By: Ste Rowen
By the time Tony Bellew and David Haye share the ring for a second time, 427 days will have passed since their first meeting. The encounter that many viewed as a mismatch, turned into one of the upsets of the year as Liverpudlian, Bellew, dropped an injured Haye en route to an 11th round stoppage that saw Haye through the ropes, as well as his corner throwing in the towel. Few had predicted a Tony Bellew win, though many caveated their prediction with, ‘as long as Haye’s body holds up.’
Photo Credit: Eddie Hearn Twitter Account
It didn’t. Haye was dominant in the opening rounds, but Bellew’s perhaps, underrated defensive abilities were on show as, even before the injury occurred, Tony was making David miss a number of wide, heavy shots.
In the 6th round Haye’s Achilles tendon ruptured, and his game plan switched in a heartbeat from a ‘search & destroy’ mission, to survival at all costs. Bellew took to the centre of the ring and began to dominate until the penultimate round when, eventually he landed a left hook, which was enough to fire Haye through the ropes and signal the end of a crazy turn of events in London.
The former unified cruiserweight champion did live to fight another day, this Saturday to be exact, even if the fight has had to be postponed from its original December date, but there’s not the same confidence that was there before the last bout. No statements such as, ‘I’ve never had a fight where I really wanted to cave someone’s skull in like this.’
No, this time the Hayemaker, 28-3 (26KOs) is taking a more sombre approach to his words ahead of Saturday night. Speaking at Monday’s press conference with a very much, pro Tony Bellew crowd in Liverpool, Haye said,
‘Last time round I was a bit angry, this time round not so much. I didn’t believe Tony Bellew had what it took to beat me. On my worst night I was terribly wrong. He raised his game way more than any of his prior fights and I expect exactly the same thing again on Saturday night.’
‘I’m gonna do what I tried to do last time and failed miserably; and you guys are, unfortunately gonna see the end of Tony Bellew. My speed, timing is back. It’s all back.’
His opponent however was rightfully lapping it up in his hometown press conference.
‘I’m gonna do exactly what I done in the first fight. You’re going to miss and you’re going to miss by miles…On Saturday mate, it comes to an end. For the first time in your whole career, you are actually fighting for your career.’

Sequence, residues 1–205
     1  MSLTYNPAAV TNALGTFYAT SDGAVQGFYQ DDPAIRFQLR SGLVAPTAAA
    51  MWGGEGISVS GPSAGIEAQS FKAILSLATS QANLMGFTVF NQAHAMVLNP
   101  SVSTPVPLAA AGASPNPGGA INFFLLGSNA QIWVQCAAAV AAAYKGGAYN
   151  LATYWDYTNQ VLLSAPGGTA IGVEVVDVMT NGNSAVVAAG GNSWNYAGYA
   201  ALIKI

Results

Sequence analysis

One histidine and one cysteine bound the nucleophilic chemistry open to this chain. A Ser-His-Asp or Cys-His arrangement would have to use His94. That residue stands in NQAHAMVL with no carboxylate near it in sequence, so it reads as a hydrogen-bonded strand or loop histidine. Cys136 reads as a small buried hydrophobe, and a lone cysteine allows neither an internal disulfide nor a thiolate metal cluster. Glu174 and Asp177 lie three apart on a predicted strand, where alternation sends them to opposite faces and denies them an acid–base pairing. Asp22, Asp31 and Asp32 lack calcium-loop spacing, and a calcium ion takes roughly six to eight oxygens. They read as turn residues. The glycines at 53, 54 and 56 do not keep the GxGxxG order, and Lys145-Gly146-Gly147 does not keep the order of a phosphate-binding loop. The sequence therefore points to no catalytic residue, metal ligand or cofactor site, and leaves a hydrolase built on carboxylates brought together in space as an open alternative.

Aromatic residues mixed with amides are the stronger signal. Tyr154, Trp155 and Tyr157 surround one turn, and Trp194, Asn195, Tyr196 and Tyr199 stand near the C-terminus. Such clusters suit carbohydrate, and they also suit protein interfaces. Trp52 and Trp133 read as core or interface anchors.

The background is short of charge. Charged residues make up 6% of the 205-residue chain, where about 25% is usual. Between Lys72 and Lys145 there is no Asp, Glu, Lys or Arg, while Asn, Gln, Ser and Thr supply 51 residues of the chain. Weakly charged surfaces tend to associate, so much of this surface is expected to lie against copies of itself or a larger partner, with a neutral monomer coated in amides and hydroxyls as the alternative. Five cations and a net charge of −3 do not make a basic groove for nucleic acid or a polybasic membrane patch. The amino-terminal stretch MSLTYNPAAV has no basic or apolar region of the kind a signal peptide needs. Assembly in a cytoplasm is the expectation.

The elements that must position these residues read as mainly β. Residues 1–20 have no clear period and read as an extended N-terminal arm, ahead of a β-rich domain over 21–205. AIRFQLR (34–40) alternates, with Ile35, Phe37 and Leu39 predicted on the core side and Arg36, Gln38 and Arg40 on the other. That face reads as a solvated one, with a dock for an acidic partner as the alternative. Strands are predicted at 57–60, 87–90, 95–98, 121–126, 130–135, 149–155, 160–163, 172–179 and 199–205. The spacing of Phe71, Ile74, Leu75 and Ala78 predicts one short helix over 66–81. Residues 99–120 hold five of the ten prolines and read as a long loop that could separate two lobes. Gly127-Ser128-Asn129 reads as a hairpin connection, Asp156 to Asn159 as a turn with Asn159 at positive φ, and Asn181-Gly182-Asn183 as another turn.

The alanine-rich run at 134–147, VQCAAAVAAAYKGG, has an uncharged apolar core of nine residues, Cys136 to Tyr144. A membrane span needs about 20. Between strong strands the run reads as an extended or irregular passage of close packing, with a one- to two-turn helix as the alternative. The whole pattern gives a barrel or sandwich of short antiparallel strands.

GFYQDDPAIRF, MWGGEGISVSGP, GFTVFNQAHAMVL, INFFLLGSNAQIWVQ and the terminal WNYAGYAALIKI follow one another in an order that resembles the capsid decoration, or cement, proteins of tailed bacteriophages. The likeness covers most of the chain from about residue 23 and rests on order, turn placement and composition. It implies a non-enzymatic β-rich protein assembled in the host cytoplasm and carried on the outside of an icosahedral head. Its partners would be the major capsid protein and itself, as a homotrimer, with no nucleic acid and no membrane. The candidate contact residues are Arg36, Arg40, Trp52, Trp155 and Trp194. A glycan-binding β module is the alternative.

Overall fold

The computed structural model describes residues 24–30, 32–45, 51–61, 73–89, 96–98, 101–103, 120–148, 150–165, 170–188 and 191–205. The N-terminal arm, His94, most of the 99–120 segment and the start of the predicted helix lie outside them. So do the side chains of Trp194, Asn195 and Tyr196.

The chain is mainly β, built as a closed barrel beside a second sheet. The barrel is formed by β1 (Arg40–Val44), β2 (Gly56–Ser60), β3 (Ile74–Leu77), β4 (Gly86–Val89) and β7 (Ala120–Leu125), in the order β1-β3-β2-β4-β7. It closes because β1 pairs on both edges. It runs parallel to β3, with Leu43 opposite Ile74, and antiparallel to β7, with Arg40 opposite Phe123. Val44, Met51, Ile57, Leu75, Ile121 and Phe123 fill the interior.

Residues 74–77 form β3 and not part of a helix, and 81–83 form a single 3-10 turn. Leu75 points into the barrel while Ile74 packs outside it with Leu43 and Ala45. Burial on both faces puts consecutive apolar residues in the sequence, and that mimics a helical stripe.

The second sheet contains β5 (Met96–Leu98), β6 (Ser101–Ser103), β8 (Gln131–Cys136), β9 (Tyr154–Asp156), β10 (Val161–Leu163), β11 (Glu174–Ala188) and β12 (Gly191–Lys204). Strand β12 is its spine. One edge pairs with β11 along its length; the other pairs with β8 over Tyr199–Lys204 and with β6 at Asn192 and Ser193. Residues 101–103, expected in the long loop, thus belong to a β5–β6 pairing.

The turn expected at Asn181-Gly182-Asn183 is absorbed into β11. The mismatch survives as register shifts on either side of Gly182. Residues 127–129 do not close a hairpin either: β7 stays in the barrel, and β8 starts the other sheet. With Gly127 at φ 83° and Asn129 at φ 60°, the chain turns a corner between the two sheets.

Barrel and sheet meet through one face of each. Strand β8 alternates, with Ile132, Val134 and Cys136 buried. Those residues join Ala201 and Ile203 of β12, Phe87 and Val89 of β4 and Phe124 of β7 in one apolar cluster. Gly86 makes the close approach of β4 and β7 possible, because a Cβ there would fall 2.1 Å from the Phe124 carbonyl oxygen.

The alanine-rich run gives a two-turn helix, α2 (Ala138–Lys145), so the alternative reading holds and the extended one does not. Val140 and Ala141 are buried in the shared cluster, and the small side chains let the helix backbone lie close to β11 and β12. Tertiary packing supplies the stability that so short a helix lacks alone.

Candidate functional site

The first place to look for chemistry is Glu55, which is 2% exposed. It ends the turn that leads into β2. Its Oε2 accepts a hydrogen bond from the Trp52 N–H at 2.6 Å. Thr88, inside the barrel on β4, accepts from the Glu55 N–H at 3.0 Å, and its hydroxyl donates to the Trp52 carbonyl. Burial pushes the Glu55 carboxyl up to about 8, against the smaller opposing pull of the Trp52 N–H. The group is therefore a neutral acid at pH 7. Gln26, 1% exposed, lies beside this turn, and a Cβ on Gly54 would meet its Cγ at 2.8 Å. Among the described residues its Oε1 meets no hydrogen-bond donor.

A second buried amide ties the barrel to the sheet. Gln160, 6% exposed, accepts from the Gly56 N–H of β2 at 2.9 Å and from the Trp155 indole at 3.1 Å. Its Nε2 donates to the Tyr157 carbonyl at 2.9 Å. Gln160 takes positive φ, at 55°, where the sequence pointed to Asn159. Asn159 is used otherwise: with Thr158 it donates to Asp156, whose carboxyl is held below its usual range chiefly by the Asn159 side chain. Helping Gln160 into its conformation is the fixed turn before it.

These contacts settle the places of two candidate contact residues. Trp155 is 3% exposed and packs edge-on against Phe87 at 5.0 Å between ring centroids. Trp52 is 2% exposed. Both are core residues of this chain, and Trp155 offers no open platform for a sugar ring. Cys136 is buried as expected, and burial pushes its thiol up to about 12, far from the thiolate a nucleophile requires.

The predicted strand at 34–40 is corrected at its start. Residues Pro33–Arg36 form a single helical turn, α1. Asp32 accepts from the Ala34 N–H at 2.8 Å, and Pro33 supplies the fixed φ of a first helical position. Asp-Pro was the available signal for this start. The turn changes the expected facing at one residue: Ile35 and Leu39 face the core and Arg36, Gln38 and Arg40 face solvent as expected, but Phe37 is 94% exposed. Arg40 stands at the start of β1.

‘David isn’t back to win world titles, David’s back to rob the bank and he’s trying to do it with as little risk as possible…The mistake he made is he picked this fat, little, scouse, cruiser with a mouth to try and make that against, ‘cos he thought it would be an easy fight.’
‘Saturday night guys, it’s time to go to war and your career my son, ends in a beat.’
Saturday night’s venue will once again be London’s O2 arena, but this time round, it feels a lot harder to assess and predict what eventually goes down when the first bell sounds. If he’s smart Haye’s tactics will reflect his more thoughtful approach to the rematch so far. Last time round it was clear he wanted the knockout, and he wanted it early. There was no doubt, as confirmed by Haye himself, that the Bermondsey native, massively underestimated Bellew’s resilience to take a punch, as well as avoid the pressure the former WBA heavyweight champion would put the ‘Bomber’ under early on in the bout.
By Saturday it will be just under 2 years since Bellew’s greatest night, when he knocked out Ilunga Makabu at Goodison Park, to win the WBC cruiserweight title. Since then, though only fighting twice, he’s kept the hype train rolling, and wants to keep steaming down the track after this weekend’s bout, eyeing up future battles with Tyson Fury, or a supposedly retired, Andre Ward.
For Haye though, his greatest night, depending on what you view as more significant, was either over 10 years ago when he KO’d Jean Marc Mormeck to win the WBA & WBC cruiserweight belts, or his 2009 victory for the WBA heavyweight belt, defeating man mountain, Nikolay Valuev. In fact, it’s been almost 6 years since his last significant victory, when he made lightwork of Dereck Chisora in 5 rounds.
The famous saying goes, ‘Speed kills’. Well in boxing, so does inactivity. By normal standards, Tony Bellew, 29-2-1 (19KOs) is an inactive boxer, when you compare him to Haye though, he’s virtually Sugar Ray Robinson fighting once a month.
This time round, rather than thought’s of ‘I wonder if Haye’s body will hold up.’, there feels like an inevitability of, ‘When will it fail?’. When it comes to Tony Bellew though, fight fans have just come to expect the unexpected.